Fitness as a Wicket-keeper

Fitness as a Wicket-keeper
Fitness as a Wicket-keeper
©REUTERS
 

Wicket keeping in cricket, they say is a thankless job. More than your excellent glove work, you commit one error and the critics go hammer and tong against you.

Having said that, the world has seen the likes of Allan Knot, Rod Marsh and Adam Gilchrist who left the game leaving indelible imprint with their glove work. Remember the demands are supremely high on fitness. Their job therefore, is that much laudable.

Allan Knotty even in the 70’s was an epitome of fitness ethics. He would train hard and keep a disciplined diet plan that caught the eye of Indian maestro Sunil Gavaskar. In the early 2000 Adam Gilchrist turned keeping into a spectacle with his acrobatics. Gilly was supremely fit and apart from his stunning catches his energy rubbed on to the Aussies in the field.

In contemporary cricket Wriddhiman Saha of India is one guy who, despite his not so enviable batting ability has made headlines with some breathtaking glove work. The catch he took of Steve O’kieff of Australia at Pune in early 2017 earned him the nickname superman. It was not a freakish catch. Saha kept pulling off one after another superman like catches to show that like a bowler or batsman a wicket keeper can hog the limelight with his exceptional skills.

Having worked with Saha since his U-19 days till his debut test, this columnist knows a thing or two on his fitness. And the fitness regimen I devised for him could be a good template to follow. With my experience I wrote a programme with 60% emphasis on strength, 30% on conditioning inclusive of cardio interval and speed, and 10% mobility and prehab.

Since a keeper have to squat and get up 540 times during a day (90 overs), he needs solid muscular endurance. A keeper possessing a strong lower extremity can sustain same intensity through the day. Therefore, moderate load and higher repetitions twice a week was what we worked on with one heavy lifting day during his early days. Right from his formative years, Saha was a natural with weight training. So he quickly graduated to Olympic lifts. Olympic lifts bring power to one’s body and power is the essence of modern day cricket.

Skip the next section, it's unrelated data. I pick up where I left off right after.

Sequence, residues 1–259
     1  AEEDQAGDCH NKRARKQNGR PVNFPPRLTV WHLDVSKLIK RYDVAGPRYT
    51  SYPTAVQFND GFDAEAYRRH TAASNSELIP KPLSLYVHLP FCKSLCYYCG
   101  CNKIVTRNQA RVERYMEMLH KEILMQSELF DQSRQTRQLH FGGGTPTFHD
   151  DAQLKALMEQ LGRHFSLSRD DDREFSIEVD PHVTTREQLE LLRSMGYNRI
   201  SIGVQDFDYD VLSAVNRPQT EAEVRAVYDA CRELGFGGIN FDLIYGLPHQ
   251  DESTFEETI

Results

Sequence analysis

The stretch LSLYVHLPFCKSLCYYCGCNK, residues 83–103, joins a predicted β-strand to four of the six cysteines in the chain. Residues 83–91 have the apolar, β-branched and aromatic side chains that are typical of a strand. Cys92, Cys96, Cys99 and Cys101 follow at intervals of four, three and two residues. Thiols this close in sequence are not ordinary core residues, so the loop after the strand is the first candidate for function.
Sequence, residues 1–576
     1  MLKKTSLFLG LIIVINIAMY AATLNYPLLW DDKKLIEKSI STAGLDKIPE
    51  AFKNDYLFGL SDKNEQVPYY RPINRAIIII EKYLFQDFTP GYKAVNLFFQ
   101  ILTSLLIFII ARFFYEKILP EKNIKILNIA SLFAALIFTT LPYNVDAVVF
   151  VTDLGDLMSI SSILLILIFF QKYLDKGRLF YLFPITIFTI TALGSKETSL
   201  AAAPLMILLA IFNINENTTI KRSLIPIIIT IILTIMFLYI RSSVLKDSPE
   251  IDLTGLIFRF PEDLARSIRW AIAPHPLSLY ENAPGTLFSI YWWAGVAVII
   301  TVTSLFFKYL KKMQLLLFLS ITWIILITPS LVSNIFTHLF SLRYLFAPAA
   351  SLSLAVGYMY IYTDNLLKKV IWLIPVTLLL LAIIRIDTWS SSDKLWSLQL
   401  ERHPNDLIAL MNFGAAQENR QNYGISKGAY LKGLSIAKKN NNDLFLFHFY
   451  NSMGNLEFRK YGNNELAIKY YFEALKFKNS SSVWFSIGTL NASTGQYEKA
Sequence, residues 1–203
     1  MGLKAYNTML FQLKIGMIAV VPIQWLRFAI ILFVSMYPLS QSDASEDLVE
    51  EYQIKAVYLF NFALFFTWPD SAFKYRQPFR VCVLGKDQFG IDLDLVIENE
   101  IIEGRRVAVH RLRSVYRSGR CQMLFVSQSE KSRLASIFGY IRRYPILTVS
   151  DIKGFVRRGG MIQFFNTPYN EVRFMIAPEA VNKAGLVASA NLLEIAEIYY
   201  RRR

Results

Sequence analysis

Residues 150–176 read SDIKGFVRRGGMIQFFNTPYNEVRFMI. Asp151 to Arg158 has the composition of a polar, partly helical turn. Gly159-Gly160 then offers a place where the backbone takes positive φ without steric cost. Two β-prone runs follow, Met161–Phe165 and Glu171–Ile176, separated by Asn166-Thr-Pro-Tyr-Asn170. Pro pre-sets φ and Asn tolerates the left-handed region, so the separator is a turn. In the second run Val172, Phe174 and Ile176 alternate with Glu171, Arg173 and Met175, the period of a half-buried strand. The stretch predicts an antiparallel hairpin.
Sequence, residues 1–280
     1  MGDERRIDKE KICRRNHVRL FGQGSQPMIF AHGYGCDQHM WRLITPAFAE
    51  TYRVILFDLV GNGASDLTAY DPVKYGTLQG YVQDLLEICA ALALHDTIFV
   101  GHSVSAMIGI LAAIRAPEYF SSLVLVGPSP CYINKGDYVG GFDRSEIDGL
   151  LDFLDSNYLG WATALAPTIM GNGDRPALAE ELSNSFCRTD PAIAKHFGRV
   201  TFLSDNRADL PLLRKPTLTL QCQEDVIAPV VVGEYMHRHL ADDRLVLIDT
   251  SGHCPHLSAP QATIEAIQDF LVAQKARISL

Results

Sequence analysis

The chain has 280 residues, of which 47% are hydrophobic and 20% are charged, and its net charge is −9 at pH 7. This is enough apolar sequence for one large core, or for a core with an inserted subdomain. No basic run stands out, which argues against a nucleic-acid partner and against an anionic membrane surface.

Whether it’s Wriddhiman or Mark Boucher, the great leaps off the ground – left right or centre is triggered by power of the legs. Box jumps along with Olympic lifts made Saha’s legs extremely powerful. Besides that he inherited a gifted muscle group. With so much explosive stored in the legs, flying like a superman is just waiting for the prey to arrive.

The second most important thing from the coach’s perspective is agility. My Bengal coach Bharat Arun and afterwards W.V. Raman gave me free hand to work on agility, especially the lateral movement which forms the chunk of a keeper’s movement. Saha really enjoyed the lateral shuffle drill on the ladder or 6” speed hurdle.

Here sideways moves apart, the focus was on keeping the weight on the balls of the feet and a nice centre of gravity. Hip mobility contributes in smooth lateral movements. Saha spent a lot of time in mobilizing his hips with Lunge hip flexor stretch and 90-90 stretch. So it was not just the drill but the technical nitty-gritty’s we worked on meticulously that delivered quality. To make things more challenging and specific I would incorporate cricket balls during the drills. Like, as he reached the end of the ladder doing lateral shuffle, I would lob a catch. He would catch and immediately go to the other end to take another catch. Then I would stand about 5 metres from him with 6 balls. I kept giving him six back to back catches left-right and centre as he would move within 5 metres sideways. Some of the drills I copied watching Adam Gilchrist train.

Speed of movement is another aspect. It is while reaching the stump to collect a throw, or backing up. I would make Saha do short burst within 10-20 metres using signals to react. Saha’s favourite sport is Formula one motor racing. No wonder he is lightening quick in sprints. And I would throw a ball from different part as he sprinted to collect it in behind the stump. Here too the right balance and tremendous power of his legs could ignite sharp movement speed.

Sachin Tendulakar, the god of cricket says hard work minimizes chances of failure. A firm believer of that Wriddhiman Saha keeps working hard. This makes the man make frequent comebacks from injuries and keep repeating the superman acts.

© Cricket World